yes, they are elephants...

On Friday Tasmania was hot and filled with cricket. I phoned renowned rosarian Susan Irvine from Deloraine, as per my instructions. “Your timing is good,” she said. “Ponting just got out!” The last I had heard of Ponting’s score was the day before when he was not out for 143.  Some 20 hours later he had only just gone, with over 200 runs! (background for the uninitiated: Ponting = captain of Australian cricket team, is a Tassie lad and it was Oz vs Pakistan in Hobart).

That was the last word on cricket as I entered the genteel world of Forest Hall and its roses. Forest Hall has a blue roof, which is something I have always coveted. It is old and made of deep blocks of stone, a building that belongs in its landscape. Lovingly restored by Susan and Bill who came from Victoria in the mid-1990s,  it is set in a classical parkland of oaks, elms, lindens and other gracious trees more than 100 years old. The backdrop for Susan’s rose obsession, which completes the English fantasy, was uninhabited, becoming derelict and seemed to be waiting for her to find it.  So while Bill went fly fishing, Susan got  planting.

Summer roses at Forest Hall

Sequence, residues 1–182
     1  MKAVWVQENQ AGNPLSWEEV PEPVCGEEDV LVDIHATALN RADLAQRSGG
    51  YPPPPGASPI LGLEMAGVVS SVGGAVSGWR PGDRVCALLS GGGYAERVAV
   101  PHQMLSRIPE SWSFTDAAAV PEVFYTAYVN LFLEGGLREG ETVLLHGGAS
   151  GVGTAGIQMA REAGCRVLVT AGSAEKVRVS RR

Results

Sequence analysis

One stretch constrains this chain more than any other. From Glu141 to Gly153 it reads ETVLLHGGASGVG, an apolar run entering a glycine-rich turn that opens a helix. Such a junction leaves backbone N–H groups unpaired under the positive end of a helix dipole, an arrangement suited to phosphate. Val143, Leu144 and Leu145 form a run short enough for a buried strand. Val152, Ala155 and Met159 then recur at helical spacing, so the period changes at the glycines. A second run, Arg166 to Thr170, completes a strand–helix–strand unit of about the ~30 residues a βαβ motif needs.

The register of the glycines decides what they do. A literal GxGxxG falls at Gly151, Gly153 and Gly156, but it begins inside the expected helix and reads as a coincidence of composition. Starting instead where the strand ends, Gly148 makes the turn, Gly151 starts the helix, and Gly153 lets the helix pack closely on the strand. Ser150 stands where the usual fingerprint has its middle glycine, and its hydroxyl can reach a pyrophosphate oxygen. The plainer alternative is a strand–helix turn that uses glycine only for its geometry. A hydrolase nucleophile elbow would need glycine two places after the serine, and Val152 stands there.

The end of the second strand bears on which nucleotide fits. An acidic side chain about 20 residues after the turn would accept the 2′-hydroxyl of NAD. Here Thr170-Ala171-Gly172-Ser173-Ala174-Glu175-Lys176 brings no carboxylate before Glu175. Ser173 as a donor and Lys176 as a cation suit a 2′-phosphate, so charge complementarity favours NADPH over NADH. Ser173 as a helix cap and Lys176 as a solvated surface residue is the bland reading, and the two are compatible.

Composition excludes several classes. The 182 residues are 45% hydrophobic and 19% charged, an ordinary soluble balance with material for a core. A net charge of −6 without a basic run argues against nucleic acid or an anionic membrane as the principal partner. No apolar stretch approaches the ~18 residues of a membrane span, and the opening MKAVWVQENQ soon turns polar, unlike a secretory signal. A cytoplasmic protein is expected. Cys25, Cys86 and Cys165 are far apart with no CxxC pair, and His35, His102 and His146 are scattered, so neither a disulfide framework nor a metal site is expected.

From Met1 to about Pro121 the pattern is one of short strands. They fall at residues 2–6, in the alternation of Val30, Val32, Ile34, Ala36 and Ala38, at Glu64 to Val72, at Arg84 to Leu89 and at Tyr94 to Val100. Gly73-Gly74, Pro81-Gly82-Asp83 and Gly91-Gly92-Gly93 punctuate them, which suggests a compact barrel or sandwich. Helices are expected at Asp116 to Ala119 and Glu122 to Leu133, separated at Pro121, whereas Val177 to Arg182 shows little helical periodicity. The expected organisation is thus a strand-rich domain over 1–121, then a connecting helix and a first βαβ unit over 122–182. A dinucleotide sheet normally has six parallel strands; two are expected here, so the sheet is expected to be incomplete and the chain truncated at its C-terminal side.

There are a lot of roses here. About 800 in fact. Many of them are species roses which means they have simple flowers, a spreading habit and gorgeous rose hips. It is Susan’s mission to preserve both species roses and Alister Clarke roses. The latter are named after their breeder, another Australian passionate about the belle fleur. He took it upon himself to breed roses for Australian conditions, using Rosea gigantea, from Burma. European breeders had never used this stock as it was frost tender. Alister died in 1949 and his roses were lost to the public. Rosa gigantea had big babies and although the shrubs thrived in our wide brown land, they were too big for the average suburban block. Susan sought them out, saving them from obscurity. With many acres to play with, Susan has been able to plant an abundance of both species and Alister Clarke varieties. Unlike many modern roses, they don’t need much maintenance so a vast private collection is not a burden.